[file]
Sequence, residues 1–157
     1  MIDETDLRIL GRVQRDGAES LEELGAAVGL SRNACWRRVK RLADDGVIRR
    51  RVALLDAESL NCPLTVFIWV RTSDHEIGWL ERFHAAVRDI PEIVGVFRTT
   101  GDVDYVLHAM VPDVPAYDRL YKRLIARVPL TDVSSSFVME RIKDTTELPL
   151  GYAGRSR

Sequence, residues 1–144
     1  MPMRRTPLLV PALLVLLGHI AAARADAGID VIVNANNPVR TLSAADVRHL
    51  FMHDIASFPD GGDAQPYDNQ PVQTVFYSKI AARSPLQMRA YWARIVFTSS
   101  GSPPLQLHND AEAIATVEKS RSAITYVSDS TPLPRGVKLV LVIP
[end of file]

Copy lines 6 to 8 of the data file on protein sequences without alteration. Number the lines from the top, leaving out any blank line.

Sequence, residues 1–144
     1  MPMRRTPLLV PALLVLLGHI AAARADAGID VIVNANNPVR TLSAADVRHL
    51  FMHDIASFPD GGDAQPYDNQ PVQTVFYSKI AARSPLQMRA YWARIVFTSS